and I can't recommend the Pentax Super Takumar 135mm f/2.5. It wasn't that good a lens wide open. A lot of chromatic aberration and fringing. Plus, you need a specific M42 adapter type for the Super-Multicoated Takumar version. Unless you get a later Pentax K mount version with revised optics, which is superior. A better deal, would be their slower 135-f/3.5 primes. A classic 4:4 design. Small, sharp, colorful, build quality, and can be found for under $20. The Pentax-M SMC 135-f/3.5 is also excellent, but is a 5:5 design.

If you want a faster 135mm, the Canon FL/FD 135-f/2.5 are better performers wide open. A Mamiya/Sekor SX Auto 135-f/2.8 or Yashica ML 135-f/2.8 are superb. Both made by Tomioka.
A very very sharp and still affordable model is the Konica Hexanon AR 135-f/3.2. Great for landscapes. I'm sure I've forgotten a few, but these are still pretty cheap. The last Nikkor 135-f/2.8 is also excellent, but its price has jumped to over $150 used.
I'm sure you'll find any of these in the numerous Tokyo used camera stores.
 
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mesmerized

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I'm sure you'll find any of these in the numerous Tokyo used camera stores.
Thank you very much good sir!

A few thoughts:

1) Perhaps something like a 100mm would be a viable option. Ideally, Olympus Zuiko 100mm f/2 (but it won't happen, as it's just too expensive)
2) I'm just wondering... Perhaps getting a Sony FE85mm would be a good solution after all? That short telephoto range could give me some space between me and the human subjects in the city.
3) How does a manual focusing lens fare in situations where you want to take a candid photo of a passerby? Are these manual focus lenses only good for non-moving objects/people?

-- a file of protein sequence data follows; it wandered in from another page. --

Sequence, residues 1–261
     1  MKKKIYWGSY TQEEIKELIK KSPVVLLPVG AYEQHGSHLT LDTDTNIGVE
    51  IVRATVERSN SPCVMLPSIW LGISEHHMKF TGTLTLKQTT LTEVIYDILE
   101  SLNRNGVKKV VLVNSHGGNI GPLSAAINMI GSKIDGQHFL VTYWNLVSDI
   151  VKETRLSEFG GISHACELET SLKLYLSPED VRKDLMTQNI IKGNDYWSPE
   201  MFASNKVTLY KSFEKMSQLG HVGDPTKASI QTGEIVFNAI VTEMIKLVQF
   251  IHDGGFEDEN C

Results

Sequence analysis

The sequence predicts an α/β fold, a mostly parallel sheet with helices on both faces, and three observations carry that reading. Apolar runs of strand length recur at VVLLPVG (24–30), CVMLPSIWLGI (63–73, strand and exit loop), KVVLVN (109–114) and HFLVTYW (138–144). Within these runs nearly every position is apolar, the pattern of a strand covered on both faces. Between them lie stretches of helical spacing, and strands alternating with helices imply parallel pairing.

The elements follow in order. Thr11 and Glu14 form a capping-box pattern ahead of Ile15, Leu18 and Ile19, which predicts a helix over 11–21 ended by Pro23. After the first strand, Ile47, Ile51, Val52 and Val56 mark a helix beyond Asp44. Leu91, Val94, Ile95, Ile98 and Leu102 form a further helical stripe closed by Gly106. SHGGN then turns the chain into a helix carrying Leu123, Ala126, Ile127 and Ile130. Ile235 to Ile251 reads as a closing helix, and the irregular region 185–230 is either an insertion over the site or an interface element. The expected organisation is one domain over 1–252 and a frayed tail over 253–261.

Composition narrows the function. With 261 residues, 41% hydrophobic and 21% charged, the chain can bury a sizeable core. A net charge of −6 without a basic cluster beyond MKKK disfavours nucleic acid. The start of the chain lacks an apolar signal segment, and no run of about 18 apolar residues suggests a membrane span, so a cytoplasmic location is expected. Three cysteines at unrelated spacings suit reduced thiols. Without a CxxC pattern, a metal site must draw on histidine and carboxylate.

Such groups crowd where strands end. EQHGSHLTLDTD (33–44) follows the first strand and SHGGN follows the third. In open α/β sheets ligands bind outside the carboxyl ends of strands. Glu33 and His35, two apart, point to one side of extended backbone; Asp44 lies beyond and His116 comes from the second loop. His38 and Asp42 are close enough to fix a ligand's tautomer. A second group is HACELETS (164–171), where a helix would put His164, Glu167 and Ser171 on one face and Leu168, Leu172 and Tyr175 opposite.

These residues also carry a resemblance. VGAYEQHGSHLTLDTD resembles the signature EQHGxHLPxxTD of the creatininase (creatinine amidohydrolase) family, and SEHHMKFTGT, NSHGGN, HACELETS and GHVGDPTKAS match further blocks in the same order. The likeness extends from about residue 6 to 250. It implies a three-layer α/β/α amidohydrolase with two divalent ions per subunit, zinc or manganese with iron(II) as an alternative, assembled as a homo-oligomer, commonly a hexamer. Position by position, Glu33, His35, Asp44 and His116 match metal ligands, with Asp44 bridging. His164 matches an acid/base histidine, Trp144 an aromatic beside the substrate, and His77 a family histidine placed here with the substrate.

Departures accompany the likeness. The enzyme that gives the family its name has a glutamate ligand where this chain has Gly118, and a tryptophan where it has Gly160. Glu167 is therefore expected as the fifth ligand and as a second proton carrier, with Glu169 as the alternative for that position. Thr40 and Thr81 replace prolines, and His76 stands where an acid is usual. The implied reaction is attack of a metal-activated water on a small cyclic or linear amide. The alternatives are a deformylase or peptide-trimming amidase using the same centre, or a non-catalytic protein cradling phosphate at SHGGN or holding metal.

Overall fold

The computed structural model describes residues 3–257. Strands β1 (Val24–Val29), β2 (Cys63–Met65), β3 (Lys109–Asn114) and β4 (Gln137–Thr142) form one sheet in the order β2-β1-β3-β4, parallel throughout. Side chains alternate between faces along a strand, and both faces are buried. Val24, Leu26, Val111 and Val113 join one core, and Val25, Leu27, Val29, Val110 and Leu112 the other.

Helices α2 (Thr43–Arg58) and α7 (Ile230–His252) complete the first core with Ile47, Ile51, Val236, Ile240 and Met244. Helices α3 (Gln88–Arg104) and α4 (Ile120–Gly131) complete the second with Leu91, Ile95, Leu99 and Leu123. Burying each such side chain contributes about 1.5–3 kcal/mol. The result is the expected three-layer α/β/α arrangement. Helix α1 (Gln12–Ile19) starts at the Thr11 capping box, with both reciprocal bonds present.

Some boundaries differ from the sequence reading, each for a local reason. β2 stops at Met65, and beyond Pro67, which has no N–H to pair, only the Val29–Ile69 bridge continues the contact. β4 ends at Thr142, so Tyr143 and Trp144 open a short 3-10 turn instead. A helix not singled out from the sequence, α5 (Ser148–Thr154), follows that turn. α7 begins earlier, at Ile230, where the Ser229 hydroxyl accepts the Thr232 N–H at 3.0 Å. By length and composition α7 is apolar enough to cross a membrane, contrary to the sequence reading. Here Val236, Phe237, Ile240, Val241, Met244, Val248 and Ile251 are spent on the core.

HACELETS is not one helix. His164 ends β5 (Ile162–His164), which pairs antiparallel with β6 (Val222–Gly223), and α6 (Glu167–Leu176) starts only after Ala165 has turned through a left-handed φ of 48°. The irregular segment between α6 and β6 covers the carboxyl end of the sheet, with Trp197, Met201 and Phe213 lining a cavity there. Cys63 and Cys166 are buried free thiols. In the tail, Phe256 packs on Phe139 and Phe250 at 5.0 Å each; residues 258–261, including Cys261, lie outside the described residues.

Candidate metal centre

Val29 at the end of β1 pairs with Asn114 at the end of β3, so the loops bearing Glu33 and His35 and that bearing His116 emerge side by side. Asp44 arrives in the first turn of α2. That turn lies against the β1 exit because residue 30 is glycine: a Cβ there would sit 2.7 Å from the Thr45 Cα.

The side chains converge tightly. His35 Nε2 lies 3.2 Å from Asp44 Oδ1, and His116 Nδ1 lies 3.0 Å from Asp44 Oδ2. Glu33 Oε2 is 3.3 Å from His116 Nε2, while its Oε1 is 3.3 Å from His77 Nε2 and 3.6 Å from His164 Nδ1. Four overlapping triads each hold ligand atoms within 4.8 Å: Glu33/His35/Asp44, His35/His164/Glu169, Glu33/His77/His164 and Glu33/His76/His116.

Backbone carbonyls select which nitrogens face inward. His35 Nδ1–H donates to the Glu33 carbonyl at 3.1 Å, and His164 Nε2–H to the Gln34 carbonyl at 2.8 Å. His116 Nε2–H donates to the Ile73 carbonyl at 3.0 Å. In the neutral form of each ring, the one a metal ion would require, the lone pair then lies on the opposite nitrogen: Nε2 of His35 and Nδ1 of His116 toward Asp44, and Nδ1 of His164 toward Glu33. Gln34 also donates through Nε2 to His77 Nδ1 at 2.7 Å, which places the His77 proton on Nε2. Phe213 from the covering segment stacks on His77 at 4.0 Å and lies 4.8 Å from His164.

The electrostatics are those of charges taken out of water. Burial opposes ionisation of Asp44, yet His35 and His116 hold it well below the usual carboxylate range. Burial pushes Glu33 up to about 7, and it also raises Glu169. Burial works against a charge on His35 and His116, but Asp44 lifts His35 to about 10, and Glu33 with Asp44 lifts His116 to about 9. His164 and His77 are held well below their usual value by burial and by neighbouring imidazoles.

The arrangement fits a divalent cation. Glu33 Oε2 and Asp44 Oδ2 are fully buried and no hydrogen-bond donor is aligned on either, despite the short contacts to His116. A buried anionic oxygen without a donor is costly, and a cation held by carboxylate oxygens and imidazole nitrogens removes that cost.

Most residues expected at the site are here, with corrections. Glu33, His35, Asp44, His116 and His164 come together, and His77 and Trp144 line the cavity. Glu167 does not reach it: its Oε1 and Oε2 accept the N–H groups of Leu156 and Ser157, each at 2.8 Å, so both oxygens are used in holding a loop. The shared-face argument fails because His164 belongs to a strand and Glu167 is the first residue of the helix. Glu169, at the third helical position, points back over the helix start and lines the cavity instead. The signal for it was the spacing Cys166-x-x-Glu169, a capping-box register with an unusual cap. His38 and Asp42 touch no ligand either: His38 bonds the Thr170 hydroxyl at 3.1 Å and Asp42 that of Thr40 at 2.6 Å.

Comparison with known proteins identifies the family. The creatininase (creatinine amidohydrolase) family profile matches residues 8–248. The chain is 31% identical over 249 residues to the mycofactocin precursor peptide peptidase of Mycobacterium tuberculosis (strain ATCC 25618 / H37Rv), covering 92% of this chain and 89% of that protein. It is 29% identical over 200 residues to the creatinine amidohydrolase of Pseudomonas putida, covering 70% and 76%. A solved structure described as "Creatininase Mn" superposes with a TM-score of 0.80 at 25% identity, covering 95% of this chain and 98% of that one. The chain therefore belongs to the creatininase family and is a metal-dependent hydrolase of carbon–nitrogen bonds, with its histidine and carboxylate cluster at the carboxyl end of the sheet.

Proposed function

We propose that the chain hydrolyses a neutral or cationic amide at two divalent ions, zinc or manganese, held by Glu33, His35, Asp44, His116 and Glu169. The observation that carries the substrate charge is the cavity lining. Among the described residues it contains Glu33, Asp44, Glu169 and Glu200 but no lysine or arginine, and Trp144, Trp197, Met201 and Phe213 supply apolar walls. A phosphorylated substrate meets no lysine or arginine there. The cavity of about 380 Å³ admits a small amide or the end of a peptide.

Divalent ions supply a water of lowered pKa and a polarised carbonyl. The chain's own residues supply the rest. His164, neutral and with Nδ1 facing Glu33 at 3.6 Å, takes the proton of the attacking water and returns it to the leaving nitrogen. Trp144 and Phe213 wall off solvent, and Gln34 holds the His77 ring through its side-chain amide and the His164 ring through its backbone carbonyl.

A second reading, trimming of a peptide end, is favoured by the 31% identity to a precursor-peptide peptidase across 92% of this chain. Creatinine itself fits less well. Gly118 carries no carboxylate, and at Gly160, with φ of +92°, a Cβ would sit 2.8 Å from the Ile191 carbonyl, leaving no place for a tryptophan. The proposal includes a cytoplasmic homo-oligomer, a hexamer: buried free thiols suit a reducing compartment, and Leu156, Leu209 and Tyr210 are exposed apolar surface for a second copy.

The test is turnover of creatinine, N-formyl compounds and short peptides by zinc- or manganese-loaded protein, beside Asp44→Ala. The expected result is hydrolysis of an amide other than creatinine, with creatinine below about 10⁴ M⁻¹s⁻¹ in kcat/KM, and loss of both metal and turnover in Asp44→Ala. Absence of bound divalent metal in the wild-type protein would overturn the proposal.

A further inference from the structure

mesmerized

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There's also the Mitakon Zhong Yi 135mm f/2.8 ;)

How about an old Olympus 135mm f/2.8?
 
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JonathanF2

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Why not wait to go to Japan for used lens shopping? Though I'd look at some of the smaller shops due to better pricing. Most shopping districts will have a few small shops. Places like Map Camera are a bit more expensive, though more tourist friendly. One of the best Nikon used shop in Ginza also has a thing against tourists/foreigners and will not hesitate to kick people out his store, despite having one of the cleanest and best Nikon collections I've ever seen! :roflmao:
 

christilou

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I've lugged my 85mm around Europe on several occasions and used it minimally. 35mm has been good with the ZM 25mm 2.8 for wider if needed. I always take the M10 as a back up with the 50mm on it knowing that I can also use it on the Sony. I bought the Batis 40mm for a walk around. It's very sharp and feels nice and balanced on the Sony bodies.
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This is the 40mm field of view, low down and high up!
 

bdbits

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3) How does a manual focusing lens fare in situations where you want to take a candid photo of a passerby? Are these manual focus lenses only good for non-moving objects/people?
Your main issues here are shutter speed and focus. The former has nothing to do with the lens being manual focus. The latter obviously does. There are things you can do to try and mitigate focus issues, e.g. zone focusing, or using a smaller aperture so as to have enough DoF that your subject is acceptably sharp. Or just becoming good enough to be able to focus quickly. Remember that much of early street photography for example employed fully manual cameras and lenses. It can be done, but you need some dedication to learn to do it.